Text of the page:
Keywords: neonate; oestrogen; gonadotrophins; testis; sex accessory glands; rat

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LC Gonzalez, L Pinilla, M Tena-Sempere, C Dieguez, FF Casanueva and E Aguilar

Recent data indicate that leptin is involved in the control of reproductive function. Experiments were carried out to analyse the role of endogenous leptin in the regulation of LH and prolactin secretion during the afternoon of pro-oestrus and that induced by ovarian steroids in ovariectomized rats. In the first experiment, cyclic female rats were implanted with intra-auricular and intracerebroventricular (i.c.v.) cannulae and, at pro-oestrus, were injected (i.c.v.) with 10 microliters normal rabbit serum or leptin antiserum (at 13:00 and 14:00 h). Blood samples were obtained at 10:00 h and at intervals of 1 h between 13:00 and 20:00 h. In the second experiment, female rats in pro-oestrus were injected with normal rabbit serum or leptin antiserum at 16:00 and 18:00 h and blood samples were taken every 10 min between 18:00 and 20:00 h. In the third experiment, adult female rats that had been ovariectomized 2 weeks before were implanted with intra-auricular and i.c.v. cannulae and treated with oestradiol benzoate (30 micrograms s.c.) at 10:00 h and progesterone (2 mg s.c.) 48 h later. Normal rabbit serum (10 microliters) or leptin antiserum (10 microliters) were injected (i.c.v.) at 13:00 and 14:00 h, and blood samples were obtained at 10:00 h and at intervals of 1 h between 13:00 and 20:00 h. In the fourth experiment, hemipituitaries from ovariectomized steroid-treated female rats were incubated in the presence of leptin116-130 (an active fragment of the native molecule), GnRH or leptin + GnRH. Prolactin and LH secretion during the afternoon of pro-oestrus in females treated with leptin antiserum was similar to that observed in animals injected with normal rabbit serum. In ovariectomized female rats, the steroid-induced LH surge increased slightly after administration of leptin antiserum, whereas the prolactin surge remained unchanged. In vitro, leptin116-130 (10(-5) to 10(-8) mol l-1) inhibited LH secretion and modulated the effect of GnRH on LH release, depending on the concentration of GnRH: leptin116-130 (10(-6) mol l-1) reduced the effectiveness of 10(-7) mol GnRH l-1 and increased that of 10(-9) mol GnRH l-1. In conclusion, these experiments indicate that acute immunoneutralization of endogenous leptin does not interfere with spontaneous or steroid-induced LH and prolactin surges. In addition, the finding that leptin116-130 inhibited LH release and modulated the effectiveness of GnRH in vitro provides evidence of the direct modulatory role of leptin on LH secretion acting at the pituitary.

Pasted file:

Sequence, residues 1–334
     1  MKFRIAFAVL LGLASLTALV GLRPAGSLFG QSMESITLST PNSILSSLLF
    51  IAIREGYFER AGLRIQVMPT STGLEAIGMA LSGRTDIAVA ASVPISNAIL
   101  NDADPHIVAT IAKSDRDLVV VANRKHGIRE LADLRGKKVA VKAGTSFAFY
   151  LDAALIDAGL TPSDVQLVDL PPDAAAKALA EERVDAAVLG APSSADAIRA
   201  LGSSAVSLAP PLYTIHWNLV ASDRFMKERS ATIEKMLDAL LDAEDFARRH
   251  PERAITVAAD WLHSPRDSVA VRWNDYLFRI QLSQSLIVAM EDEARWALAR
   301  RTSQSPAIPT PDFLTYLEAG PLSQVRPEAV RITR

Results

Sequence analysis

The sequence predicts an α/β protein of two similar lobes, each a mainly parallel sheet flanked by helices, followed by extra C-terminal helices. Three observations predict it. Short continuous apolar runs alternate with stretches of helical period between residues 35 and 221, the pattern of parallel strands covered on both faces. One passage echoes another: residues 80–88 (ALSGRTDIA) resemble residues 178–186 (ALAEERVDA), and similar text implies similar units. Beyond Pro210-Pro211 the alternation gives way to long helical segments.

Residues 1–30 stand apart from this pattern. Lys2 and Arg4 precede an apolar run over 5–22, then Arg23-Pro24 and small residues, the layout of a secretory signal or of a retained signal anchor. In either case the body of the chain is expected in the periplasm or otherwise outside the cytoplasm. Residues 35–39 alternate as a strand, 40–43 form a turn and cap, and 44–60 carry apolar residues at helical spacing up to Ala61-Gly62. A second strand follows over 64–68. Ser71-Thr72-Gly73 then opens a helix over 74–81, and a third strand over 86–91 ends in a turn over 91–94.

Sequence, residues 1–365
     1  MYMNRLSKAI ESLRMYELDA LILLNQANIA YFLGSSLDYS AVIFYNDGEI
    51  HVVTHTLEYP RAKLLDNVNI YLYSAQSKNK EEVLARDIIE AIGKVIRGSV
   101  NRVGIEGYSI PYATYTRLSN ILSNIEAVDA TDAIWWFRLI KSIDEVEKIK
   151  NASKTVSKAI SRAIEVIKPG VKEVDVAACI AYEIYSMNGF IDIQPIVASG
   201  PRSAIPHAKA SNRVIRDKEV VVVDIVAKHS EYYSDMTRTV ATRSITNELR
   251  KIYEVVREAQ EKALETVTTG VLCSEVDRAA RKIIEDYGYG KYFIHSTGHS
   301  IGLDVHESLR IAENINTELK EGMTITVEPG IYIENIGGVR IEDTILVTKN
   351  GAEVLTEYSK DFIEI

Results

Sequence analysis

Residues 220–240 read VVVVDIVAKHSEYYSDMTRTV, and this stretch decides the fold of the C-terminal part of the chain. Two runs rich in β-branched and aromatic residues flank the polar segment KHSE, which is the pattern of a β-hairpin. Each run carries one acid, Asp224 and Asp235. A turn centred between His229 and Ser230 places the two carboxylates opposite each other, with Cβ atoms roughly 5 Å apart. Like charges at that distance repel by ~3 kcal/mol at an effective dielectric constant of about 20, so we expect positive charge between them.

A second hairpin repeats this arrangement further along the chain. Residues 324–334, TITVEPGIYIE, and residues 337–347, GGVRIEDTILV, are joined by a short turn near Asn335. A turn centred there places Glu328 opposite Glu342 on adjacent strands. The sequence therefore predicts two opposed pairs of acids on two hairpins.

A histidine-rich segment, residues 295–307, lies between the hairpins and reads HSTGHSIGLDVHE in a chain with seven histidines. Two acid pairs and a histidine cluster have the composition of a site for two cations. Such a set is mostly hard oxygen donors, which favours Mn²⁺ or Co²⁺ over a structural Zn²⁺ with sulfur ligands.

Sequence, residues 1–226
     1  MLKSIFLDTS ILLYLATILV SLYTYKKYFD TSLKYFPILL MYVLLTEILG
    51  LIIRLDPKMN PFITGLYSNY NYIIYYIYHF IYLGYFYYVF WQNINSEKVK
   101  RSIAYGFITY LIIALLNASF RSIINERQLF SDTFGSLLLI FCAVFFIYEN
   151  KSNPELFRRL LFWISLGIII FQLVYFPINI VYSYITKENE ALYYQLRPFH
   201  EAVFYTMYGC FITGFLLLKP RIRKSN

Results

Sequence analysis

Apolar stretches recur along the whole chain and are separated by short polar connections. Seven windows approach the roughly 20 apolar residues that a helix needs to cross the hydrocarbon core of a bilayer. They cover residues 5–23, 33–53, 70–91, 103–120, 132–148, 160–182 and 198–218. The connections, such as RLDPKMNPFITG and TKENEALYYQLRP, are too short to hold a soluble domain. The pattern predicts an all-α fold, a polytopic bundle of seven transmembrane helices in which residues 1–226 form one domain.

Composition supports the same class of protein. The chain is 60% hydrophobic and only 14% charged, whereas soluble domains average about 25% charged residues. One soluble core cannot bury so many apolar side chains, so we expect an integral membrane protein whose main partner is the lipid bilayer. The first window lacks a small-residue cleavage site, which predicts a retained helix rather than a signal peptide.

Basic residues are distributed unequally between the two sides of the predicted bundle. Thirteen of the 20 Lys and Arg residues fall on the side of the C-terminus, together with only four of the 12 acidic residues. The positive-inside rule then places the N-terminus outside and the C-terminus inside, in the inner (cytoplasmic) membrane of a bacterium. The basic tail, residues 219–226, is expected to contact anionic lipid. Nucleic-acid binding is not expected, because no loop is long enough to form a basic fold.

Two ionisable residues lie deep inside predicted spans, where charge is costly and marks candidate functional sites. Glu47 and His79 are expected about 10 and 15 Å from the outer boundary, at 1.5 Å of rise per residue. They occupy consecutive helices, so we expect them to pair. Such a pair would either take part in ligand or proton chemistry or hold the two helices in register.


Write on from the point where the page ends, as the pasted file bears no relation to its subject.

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L Pinilla, LC Gonzalez, F Gaytan, M Tena-Sempere and E Aguilar